Child Abuse is unfortunately a common occurrence in Pakistan. Last year in Pakistan, about 35,000 cases of child kidnapping had been reported and they're said to be increasing this year as well. There is yet another thing kidnappers have been doing, called, “kill and dump”.

To prevent child kidnap / Abduction we often taught our children that Scream and scatter books and belongings if they are forced toward a building or car or do not take candy from a stranger but do you know where these Sad Origins come from almost 100 years before Charlie Ross was the first known abduction of a minor in the United States? On July 1, 1874, four-year-old Ross and his five-year-old brother Walter Lewis were playing in the front yard of their family's home in Germantown, a well-to-do section of Philadelphia, Pennsylvania.

A horse-drawn carriage pulled up and they were approached by two men who offered the boys candy and fireworks if they would take a ride with them. The boys agreed and they all proceeded through Philadelphia to a store where Walter was directed to buy fireworks inside with 25 cents given to him. Walter did so, but the carriage left without him. Charley Ross was never seen again.

Christian K. Ross, the boys' father, began receiving ransom demands from the apparent kidnappers. They arrived in the form of notes mailed from post offices in Philadelphia and elsewhere, all written in an odd hand and a coarse, semi-literate style with many simple words misspelled. The communications generally requested a ransom of $20,000.

The notes cautioned against police intervention and threatened Charley's life if Christian did not cooperate. Christian Ross owned a small dry goods store, and the family lived in a large house. Contrary to what the kidnappers may have thought, the Ross family was not wealthy and was heavily in debt due to the stock market crash of 1873. Seeing no way to pay the ransom, Christian Ross went to the police. The kidnapping soon became national news.

In addition to the heavy press coverage, some prominent Philadelphians enlisted the help of the famous Pinkerton detective agency, which had millions of flyers and posters printed with Ross's likeness. A popular song based on the crime was composed by Dexter Smith and W. H. Brockway, entitled "Bring Back Our Darling". Several attempts were made to provide the kidnappers with ransom money as dictated in the notes, but in each case, the kidnappers failed to appear. Eventually, communication stopped.

On the night of December 13, five months after the kidnapping, the Bay Ridge, Brooklyn house belonging to Judge Charles Van Brunt was burgled. Holmes Van Brunt, Charles' brother, lived next door, and gathered the members of his household, armed with shotguns, to stop the intruders in the act. As they entered Van Brunt's house, they saw two lanterns go out, and the resulting torrent of gunfire from Holmes and his men brought down both burglars where they stood. They were Bill Mosher and Joe Douglas, career criminals who had recently been released from jail.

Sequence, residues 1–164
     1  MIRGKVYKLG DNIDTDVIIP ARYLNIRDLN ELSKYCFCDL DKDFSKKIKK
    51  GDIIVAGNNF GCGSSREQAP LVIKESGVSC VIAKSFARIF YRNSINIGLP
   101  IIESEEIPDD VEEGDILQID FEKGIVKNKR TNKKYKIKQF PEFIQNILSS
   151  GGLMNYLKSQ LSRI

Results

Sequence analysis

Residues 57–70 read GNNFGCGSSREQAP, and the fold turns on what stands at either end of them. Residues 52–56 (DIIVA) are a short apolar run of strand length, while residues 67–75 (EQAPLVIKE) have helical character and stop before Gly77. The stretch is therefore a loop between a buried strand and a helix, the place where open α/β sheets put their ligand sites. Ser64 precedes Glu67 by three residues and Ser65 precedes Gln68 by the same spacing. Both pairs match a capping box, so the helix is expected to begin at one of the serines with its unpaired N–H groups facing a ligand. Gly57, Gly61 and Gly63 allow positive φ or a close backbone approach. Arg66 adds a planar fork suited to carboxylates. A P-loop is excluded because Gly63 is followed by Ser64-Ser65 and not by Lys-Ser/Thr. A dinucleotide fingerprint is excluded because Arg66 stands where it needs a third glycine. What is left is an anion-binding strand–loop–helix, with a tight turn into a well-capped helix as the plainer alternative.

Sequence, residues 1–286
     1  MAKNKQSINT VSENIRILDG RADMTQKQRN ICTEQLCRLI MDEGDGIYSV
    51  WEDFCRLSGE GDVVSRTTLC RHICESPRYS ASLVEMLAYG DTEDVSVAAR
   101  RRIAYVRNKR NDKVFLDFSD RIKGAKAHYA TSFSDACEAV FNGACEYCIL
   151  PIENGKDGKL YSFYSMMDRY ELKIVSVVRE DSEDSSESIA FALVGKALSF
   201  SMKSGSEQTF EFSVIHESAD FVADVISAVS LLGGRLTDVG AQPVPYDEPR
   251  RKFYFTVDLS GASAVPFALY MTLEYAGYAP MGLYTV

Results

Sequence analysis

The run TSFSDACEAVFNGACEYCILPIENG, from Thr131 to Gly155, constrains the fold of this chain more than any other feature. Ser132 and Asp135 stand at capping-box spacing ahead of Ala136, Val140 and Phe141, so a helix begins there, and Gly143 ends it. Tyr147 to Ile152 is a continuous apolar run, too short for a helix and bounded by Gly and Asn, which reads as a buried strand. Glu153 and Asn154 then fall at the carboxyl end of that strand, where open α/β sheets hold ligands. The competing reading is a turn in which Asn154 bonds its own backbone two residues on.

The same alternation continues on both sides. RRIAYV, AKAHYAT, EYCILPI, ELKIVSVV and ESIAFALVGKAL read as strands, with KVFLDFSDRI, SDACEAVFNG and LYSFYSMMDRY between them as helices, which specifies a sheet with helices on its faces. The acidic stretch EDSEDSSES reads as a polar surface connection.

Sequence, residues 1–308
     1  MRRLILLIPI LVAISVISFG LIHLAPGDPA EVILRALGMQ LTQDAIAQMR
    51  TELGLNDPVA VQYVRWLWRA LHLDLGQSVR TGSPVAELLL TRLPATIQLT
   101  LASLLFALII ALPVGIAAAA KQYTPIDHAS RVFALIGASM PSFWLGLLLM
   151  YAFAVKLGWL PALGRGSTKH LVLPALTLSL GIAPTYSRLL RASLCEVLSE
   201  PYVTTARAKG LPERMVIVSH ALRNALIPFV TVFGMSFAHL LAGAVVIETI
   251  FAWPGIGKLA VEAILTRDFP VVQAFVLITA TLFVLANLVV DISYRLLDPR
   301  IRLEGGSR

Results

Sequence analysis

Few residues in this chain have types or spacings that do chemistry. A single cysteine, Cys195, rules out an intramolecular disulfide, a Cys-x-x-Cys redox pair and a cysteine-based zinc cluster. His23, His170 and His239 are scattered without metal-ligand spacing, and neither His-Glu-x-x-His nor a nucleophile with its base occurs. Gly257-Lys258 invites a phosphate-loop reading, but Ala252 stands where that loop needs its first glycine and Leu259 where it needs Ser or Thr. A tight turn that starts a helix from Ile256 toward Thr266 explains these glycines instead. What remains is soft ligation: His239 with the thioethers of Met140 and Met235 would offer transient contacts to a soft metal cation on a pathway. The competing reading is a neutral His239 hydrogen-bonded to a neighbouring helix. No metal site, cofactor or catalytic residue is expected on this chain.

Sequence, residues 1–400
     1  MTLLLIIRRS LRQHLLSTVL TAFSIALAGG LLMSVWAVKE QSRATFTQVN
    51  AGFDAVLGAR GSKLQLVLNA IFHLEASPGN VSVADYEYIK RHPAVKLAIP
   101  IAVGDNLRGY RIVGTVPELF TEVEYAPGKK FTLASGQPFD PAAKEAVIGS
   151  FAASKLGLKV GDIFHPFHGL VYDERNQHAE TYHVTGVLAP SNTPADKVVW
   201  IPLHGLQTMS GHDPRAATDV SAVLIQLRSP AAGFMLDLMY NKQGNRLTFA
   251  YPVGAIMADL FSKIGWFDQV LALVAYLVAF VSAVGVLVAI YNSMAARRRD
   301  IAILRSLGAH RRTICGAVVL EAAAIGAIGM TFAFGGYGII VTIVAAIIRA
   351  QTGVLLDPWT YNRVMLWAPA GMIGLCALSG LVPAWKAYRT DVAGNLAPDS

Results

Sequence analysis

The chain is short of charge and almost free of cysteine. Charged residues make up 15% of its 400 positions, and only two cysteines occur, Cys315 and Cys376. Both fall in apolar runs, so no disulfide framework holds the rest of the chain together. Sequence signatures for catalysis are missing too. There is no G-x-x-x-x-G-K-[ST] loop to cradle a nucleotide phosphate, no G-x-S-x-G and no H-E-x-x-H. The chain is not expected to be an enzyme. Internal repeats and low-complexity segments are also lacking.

Mosher was killed instantly while Douglas was mortally wounded, but managed to live about two more hours and was able to communicate with Holmes. Everyone present was shaken by the experience, and there is no clear consensus regarding exactly what Douglas said. Most agree that Douglas said that there was no point in lying (as he knew he was mortally wounded) so he admitted that he and Mosher had abducted Ross. His further statements, if any, are more controversial. He either said that Ross was killed, or that Mosher knew where Ross was, possibly adding that he would be returned unharmed to the Rosses within a few days. In any case, he did not give any clues to Ross's location or other particulars of the crime and died soon afterward.

Walter Ross was taken to New York City to look at the bodies of Mosher and Douglas to determine if they were the men from the carriage ride. Walter confirmed that they were the same men who took the boys from in front of their home the previous summer. Mosher in particular was very identifiable as he had a distinctively malformed nose, which Walter had described to police as a "monkey nose". (The cartilage of Mosher's nose had been destroyed by syphilis or cancer). For most, the issue of who the men in the carriage were was settled beyond a reasonable doubt, but Charley Ross was still missing.

A former Philadelphia policeman named William Westervelt, a known associate of William Mosher (and his wife's brother) was arrested and held in connection with the case. He was tried in 1875 for kidnapping. Although Westervelt was a friend and perhaps a confidant of Mosher (while in prison awaiting trial he had told Christian Ross that his son had been alive at the time of Mosher's death), there was virtually no evidence to tie him to the crime itself. Walter Ross, for one, insisted that Westervelt was not one of the men in the carriage that took them away.

Westervelt was found not guilty of the kidnapping. However, he was found guilty of a lesser conspiracy charge and served six years in prison. He always maintained his innocence and swore that he did not know the whereabouts of Charley Ross.